When it comes to 1973 Topps, I could go on about the entire set. Actually, I do just that on another blog, three times a week. Now, with that shameless plug out of the way, I'll delve into the postseason sets:
One big difference over previous years was the way Topps just eliminated the honor of placing the previous year's World Series winner on Card #1. However, they did continue the postseason series the same method as in 1972: one card from each League Championship Series, one card from each World Series game and one celebration card. Actually, all three sets featured in today's post have that layout.
The 1972 American League Championship Series was the first that didn't feature the Baltimore Orioles. It was also the first one that didn't end in a sweep.
Card #201 -- Hendrick Scores Winning Run
I posted about this Series in my 1973 blog, if you'd like to read about it (Yep, another shameless plug). The two teams went to the full five games, and Hendrick's winning run sent the A's the the World Series for the first time since they were still playing in Philadelphia.
The National League Championship between the Reds and Pirates (who also met in the NLCS in 1970) was a little more dramatic:
Card #202 -- Foster's Run Decides It
The 1972 NLCS also went five games, and was decided at the very end. Unfortunately for the Pirates, they lost on a wild pitch, which allowed Foster to score the run shown above. Again, here's the link to read what happened.
Since both League Championship Series went the distance, it was only logical to see the 1972 World Series follow suit:
Card #206 -- Tenace Singles in Ninth
The card shows Gene Tenace taking his turn at bat during Game 4. One last time, here's a link to the description on my other blog. The A's won this World Series in 7 games, but they weren't done yet:
The 1974 Topps set continues the story:
Card #470 -- A.L. Playoffs
Reggie Jackson was injured in the '72 postseason. In fact, his injury led to George Hendrick being in the game shown in the '73 card above. However, the injury meant he sat out that World Series. He would prove invaluable this time around, however.
The Baltimore Orioles made it pack to the playoffs after one year away, and the Oakland A's returned as the A.L. West champions. It was a well-fought series, with each team splitting the first two games. An extra-innings affair in Game 3 was broken up when Bert Campaneris hit a walk-off homer in the 11th. When the A's moved in for the kill in Game 4, Andy Etchebarren and the Bobby Grich homered to keep it alive before "Catfich" Hunter pitched a gem in Game 5.
The '71 ALCS rematch had a different result this time.
Card #471 -- N.L. Playoffs
Over in the National League, that series went the distance, too, with the New York Mets (and Jerry Koosman, shown pitching above)taking the series from the Cincinnati Reds. Pete Rose -- not known for the art of the long ball -- hit two homers in the series but was better known for a fracas he and Met shortstop Buddy Harrelson engaged in during Game 3. These Mets were a different team than the 1969 Series winners despite having a few remaining players from that squad. They had been far out of first at midseason that year and heated up to win the division.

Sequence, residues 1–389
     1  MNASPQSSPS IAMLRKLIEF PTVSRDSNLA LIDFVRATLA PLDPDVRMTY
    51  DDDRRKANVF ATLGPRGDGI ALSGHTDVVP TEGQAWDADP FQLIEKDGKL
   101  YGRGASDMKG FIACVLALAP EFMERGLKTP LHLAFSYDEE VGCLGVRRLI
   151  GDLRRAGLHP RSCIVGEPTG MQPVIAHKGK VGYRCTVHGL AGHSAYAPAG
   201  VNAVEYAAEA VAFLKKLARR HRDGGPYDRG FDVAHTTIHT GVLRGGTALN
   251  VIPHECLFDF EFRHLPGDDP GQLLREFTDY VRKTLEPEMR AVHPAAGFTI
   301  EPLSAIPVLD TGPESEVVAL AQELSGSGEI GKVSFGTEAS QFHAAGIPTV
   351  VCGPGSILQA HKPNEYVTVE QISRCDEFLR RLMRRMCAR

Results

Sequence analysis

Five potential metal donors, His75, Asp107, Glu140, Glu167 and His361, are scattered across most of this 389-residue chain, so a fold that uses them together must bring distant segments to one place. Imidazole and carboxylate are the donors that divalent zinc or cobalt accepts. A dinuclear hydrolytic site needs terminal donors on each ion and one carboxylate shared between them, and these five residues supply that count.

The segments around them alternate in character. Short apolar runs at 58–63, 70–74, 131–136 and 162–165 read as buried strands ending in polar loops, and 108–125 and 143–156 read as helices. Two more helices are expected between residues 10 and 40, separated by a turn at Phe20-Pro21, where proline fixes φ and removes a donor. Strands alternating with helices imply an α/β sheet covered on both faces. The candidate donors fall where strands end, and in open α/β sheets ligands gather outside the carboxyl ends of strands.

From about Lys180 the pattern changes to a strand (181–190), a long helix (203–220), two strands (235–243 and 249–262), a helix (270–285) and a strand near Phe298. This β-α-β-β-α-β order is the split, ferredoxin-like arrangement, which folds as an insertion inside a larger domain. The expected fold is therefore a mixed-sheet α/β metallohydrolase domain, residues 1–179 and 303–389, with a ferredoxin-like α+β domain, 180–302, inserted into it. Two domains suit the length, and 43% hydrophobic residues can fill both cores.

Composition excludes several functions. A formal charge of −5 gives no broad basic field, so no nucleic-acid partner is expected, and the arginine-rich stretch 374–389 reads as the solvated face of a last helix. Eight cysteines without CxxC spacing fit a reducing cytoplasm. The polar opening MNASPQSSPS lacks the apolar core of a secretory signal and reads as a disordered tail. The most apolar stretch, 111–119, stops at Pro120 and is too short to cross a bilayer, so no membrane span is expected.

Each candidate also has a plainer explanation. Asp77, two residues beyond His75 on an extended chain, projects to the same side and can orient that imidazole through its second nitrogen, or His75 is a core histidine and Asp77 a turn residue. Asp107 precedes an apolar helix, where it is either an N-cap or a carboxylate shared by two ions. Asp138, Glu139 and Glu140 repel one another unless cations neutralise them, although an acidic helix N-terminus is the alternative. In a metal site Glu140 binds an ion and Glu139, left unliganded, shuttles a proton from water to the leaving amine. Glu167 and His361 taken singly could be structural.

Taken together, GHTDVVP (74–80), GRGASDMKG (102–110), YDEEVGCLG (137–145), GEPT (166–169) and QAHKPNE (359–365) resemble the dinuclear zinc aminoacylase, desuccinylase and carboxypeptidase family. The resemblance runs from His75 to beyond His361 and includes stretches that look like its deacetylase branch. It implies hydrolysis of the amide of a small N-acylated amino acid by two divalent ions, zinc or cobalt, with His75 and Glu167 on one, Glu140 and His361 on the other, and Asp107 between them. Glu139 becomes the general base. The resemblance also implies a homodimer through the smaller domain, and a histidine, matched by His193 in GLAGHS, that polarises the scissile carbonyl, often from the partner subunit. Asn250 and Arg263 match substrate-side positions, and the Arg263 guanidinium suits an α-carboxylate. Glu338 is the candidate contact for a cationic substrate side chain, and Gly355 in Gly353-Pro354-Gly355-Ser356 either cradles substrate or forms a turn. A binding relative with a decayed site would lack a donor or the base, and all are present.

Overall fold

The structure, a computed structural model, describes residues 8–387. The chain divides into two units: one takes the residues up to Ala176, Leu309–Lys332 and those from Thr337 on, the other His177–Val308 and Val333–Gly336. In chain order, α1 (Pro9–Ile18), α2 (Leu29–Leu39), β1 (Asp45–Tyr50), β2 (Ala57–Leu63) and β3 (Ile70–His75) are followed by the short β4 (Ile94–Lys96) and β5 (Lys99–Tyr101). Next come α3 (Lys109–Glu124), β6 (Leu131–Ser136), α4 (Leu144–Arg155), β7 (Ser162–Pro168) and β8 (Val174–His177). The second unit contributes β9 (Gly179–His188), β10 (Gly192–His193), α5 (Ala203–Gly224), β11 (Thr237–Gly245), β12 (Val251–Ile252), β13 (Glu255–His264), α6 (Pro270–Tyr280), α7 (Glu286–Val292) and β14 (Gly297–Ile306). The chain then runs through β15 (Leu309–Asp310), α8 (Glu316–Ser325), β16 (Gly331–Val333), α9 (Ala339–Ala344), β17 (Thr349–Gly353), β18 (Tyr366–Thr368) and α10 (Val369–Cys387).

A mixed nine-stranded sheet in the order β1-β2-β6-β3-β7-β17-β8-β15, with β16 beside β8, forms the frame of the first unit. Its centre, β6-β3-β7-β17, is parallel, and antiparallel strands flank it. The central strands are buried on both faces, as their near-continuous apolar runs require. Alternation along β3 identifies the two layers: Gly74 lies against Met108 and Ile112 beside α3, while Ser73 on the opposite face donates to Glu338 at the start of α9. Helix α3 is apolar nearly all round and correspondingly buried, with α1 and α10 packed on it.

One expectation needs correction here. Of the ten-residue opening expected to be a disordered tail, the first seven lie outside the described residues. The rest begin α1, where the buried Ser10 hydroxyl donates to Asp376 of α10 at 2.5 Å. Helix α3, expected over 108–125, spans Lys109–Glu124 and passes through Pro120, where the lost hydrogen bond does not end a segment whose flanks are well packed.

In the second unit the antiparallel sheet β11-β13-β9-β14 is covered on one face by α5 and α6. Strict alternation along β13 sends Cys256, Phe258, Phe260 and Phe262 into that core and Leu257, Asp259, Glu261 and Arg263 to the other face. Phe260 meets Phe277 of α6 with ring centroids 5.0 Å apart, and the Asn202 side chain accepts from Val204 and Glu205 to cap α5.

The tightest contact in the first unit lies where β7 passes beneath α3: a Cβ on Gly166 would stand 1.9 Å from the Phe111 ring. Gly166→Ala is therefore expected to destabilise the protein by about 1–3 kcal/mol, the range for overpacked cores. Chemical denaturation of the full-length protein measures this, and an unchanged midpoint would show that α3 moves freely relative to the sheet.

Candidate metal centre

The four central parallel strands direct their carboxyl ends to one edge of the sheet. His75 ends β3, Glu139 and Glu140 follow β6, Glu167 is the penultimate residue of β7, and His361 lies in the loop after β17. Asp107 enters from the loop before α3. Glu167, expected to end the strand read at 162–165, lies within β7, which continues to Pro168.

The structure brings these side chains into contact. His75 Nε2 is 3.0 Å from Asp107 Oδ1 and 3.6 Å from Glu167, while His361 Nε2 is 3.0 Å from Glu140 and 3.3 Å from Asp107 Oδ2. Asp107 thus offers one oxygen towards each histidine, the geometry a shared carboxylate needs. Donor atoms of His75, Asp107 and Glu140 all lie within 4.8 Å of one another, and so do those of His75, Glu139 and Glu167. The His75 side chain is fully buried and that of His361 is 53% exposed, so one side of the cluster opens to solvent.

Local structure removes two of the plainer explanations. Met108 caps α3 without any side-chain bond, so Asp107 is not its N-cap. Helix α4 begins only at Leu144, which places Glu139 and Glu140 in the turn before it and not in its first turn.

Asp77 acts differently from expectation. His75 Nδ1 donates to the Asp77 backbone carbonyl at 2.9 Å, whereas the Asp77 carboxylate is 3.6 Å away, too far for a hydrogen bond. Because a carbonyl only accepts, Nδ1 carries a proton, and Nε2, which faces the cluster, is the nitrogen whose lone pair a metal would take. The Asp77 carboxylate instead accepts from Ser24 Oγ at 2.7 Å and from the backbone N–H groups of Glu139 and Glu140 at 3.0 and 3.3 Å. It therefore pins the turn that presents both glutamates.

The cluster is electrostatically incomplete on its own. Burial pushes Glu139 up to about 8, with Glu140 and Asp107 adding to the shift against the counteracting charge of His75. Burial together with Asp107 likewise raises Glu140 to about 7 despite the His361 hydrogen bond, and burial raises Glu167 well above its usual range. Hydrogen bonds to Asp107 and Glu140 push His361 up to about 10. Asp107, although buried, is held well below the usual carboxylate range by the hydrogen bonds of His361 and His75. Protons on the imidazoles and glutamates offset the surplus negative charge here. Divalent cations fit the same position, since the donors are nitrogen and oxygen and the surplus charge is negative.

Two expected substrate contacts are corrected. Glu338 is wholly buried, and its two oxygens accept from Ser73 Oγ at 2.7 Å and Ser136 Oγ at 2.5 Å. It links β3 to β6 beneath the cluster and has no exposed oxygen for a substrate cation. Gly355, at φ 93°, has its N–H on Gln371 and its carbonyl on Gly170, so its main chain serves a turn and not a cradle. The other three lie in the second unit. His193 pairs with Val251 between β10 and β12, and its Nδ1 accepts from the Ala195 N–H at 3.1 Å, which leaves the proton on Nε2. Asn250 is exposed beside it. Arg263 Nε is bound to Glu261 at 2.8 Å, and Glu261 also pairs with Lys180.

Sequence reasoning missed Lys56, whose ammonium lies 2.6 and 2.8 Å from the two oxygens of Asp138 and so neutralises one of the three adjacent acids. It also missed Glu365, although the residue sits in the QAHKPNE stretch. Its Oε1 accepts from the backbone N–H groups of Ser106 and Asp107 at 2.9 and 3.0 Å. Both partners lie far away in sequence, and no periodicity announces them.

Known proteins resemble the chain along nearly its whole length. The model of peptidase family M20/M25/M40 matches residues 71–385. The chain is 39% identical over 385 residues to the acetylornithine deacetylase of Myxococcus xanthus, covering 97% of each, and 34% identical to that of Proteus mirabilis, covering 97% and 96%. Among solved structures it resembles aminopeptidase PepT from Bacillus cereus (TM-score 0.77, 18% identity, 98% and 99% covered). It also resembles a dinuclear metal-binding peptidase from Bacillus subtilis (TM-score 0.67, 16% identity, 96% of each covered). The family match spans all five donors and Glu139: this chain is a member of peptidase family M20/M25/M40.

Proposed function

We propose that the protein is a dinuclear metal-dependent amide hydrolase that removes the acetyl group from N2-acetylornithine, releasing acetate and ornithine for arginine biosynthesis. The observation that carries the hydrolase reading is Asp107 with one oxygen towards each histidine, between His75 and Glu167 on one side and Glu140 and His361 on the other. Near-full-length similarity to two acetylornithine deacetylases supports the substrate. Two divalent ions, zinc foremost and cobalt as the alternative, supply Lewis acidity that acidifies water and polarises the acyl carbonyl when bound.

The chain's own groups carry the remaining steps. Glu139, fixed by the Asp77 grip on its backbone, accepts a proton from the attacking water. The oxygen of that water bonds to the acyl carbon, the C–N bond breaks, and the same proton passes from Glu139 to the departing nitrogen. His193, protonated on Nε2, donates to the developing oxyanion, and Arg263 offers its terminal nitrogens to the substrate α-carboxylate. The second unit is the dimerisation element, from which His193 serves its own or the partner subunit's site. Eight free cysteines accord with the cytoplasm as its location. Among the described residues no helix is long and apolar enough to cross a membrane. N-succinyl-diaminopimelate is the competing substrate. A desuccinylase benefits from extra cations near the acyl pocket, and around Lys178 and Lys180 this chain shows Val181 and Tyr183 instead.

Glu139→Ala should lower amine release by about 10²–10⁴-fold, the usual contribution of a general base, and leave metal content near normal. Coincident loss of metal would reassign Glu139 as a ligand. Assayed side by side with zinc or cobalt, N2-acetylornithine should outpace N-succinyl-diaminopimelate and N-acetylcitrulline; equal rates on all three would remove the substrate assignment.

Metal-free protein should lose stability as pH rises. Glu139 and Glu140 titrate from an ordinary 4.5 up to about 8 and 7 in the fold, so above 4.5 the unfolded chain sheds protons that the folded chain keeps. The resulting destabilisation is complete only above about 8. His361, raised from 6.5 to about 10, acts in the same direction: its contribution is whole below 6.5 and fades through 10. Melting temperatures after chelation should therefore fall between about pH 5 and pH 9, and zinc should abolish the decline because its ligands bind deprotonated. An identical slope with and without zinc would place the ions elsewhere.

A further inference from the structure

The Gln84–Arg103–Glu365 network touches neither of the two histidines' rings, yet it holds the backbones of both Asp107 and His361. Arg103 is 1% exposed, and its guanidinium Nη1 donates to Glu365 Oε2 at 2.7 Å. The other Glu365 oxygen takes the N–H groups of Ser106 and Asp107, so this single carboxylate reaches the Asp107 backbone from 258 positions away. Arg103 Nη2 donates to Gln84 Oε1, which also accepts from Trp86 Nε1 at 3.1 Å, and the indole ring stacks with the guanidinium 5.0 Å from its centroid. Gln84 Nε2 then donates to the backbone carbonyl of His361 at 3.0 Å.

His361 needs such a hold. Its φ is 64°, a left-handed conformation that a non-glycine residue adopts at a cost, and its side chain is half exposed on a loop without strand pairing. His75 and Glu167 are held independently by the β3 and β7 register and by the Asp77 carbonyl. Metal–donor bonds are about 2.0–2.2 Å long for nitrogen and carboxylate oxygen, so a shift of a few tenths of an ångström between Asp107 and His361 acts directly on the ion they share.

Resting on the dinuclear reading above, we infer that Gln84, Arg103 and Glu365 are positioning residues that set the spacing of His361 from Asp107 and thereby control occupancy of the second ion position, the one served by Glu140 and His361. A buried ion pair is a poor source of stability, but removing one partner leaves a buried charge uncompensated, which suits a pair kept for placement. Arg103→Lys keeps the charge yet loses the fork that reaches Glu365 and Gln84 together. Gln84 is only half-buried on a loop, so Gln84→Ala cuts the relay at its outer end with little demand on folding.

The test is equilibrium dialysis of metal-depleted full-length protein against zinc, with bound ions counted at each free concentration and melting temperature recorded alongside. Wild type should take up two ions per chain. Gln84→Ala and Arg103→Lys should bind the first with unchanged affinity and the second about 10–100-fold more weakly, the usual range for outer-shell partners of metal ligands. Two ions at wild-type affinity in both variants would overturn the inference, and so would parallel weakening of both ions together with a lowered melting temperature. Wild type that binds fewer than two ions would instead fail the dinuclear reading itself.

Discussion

Fun fact: All four managers in the '73 postseason (Earl Williams, Sparky Anderson, Dick Williams, Yogi Berra) are members of the Hall of Fame.
Card #477 -- '73 World Series Game 6
Reggie Jackson is shown on this card against a sea of fans. It's refreshing to see a daytime Series game. Jackson was the A.L. MVP in 1973, but went on to begin earning his nickname "Mr. October" after the season ended. The series went to the seventh game, and it was Reggie who practically sealed things in the deciding game with a 2-run shot in the third.
This was also the last time baseball fans would see Willie Mays take the field. However, the A's weren't yet finished.
Card #459 -- '74 A.L. Championships
Again, for the third time in four years, the Oakland A's were pitted against the Baltimore Orioles. This is the sixth year of the playoff series, and Baltimore was in five of them. The Orioles won the first game decisively, but the A's came back to win the next three.
Card #460 -- '74 N.L. Championships
Meanwhile, over in the National League, another perennial was competing: the Pirates, who were up against the Los Angeles Dodgers. This was the Dodgers' first trip to a championship series, but it wasn't their first playoff (you may have heard about a guy named Bobby Thomson in 1951?). The games would include a pair that saw future teammates Jerry Reuss and Don Sutton take the mound. The Dodgers would win and advance to the Series.
Card #461 -- World Series, Game 1
Reggie Jackson is again shown taking his turn at bat on this card. He would hit a solo homer during that first game to start the scoring. On paper, the Dodgers appeared to be the better team; they were cohesive, they had a better record, they had a better skipper. The A's, on the other hand, were fighting each other and somehow winning despite themselves. In the end, the Series was over in five games and the A's would take their third straight title home.